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    ABSTRACT: Until recently, population-based data of cancer survival in Germany mostly relied on one registry covering ∼1 million people (1.3% of the German population). Here, we provide up-to-date cancer survival estimates for Germany based on data from 11 population-based cancer registries, covering 33 million people and compare them to survival estimates from the United States. Cancer patients diagnosed in 1997-2006 were included. Period analysis was employed to calculate 5-year relative survival for 38 cancers for 2002-2006. German and USA survival rates were compared utilizing the Surveillance, Epidemiology and End Results 13 database. Five-year relative survival >80% was observed for testicular cancer (93.5%), skin melanoma (89.4%), cancers of the prostate (89.1%) and thyroid (87.8%), Hodgkin's lymphoma (84.5%) and cancers of the breast (83.7%) and endometrium (81.0%), which together account for almost 40% of cases. For the majority of cancers, German survival estimates were close to or below those in the United States. Exceptions with higher survival in Germany were cancers of the stomach, pancreas and kidney and Hodgkin's lymphoma. German cancer survival estimates are mostly higher than the 2000-2002 pan-European estimates. Further research is needed to investigate causes responsible for differences between German and USA cancer survival rates.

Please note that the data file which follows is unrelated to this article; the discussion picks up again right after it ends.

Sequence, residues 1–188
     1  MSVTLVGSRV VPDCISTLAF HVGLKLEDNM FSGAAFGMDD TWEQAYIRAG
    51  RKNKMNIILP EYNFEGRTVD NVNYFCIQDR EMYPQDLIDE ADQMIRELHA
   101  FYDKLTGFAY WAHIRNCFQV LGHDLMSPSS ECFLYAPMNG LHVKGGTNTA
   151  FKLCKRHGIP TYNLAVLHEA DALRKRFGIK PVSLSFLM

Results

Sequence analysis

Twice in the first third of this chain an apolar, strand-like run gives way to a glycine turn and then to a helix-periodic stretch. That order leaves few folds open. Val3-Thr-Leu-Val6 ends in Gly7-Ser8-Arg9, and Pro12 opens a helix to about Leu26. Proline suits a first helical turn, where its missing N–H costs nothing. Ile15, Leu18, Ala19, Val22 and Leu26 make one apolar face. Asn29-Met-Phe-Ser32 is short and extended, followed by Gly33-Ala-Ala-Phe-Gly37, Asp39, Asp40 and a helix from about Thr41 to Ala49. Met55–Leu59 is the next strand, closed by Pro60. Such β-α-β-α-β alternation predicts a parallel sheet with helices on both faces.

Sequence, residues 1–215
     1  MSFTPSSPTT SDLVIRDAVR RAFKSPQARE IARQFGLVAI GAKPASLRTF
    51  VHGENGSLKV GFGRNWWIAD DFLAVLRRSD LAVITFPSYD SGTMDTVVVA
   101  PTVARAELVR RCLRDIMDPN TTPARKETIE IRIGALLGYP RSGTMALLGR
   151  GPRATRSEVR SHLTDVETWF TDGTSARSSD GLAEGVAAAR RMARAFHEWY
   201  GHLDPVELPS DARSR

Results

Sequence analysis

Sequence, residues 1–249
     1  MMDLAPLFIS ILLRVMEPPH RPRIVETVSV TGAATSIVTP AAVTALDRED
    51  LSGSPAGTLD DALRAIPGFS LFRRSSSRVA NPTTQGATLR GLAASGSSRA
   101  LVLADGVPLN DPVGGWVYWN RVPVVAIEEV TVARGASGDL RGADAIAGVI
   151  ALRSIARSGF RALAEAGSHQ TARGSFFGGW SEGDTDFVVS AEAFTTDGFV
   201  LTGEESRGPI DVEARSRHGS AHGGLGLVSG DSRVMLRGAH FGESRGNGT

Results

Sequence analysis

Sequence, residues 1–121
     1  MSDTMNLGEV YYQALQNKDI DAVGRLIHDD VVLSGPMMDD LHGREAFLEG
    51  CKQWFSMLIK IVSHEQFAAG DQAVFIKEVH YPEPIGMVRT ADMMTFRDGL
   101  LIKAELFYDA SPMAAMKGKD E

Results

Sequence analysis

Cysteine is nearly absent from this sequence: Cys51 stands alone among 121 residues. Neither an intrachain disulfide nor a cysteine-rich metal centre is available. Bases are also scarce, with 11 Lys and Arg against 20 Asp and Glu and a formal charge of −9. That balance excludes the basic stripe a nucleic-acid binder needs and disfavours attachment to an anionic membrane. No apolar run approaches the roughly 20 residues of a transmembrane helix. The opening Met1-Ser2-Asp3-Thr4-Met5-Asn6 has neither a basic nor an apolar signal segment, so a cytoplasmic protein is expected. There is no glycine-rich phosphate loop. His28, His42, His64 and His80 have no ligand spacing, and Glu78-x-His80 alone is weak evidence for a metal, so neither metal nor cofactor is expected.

Annals of Oncology 05/2011; 23(2):472-9. · 7.38 Impact Factor
  • Gesundheitswesen. 01/2010; 72.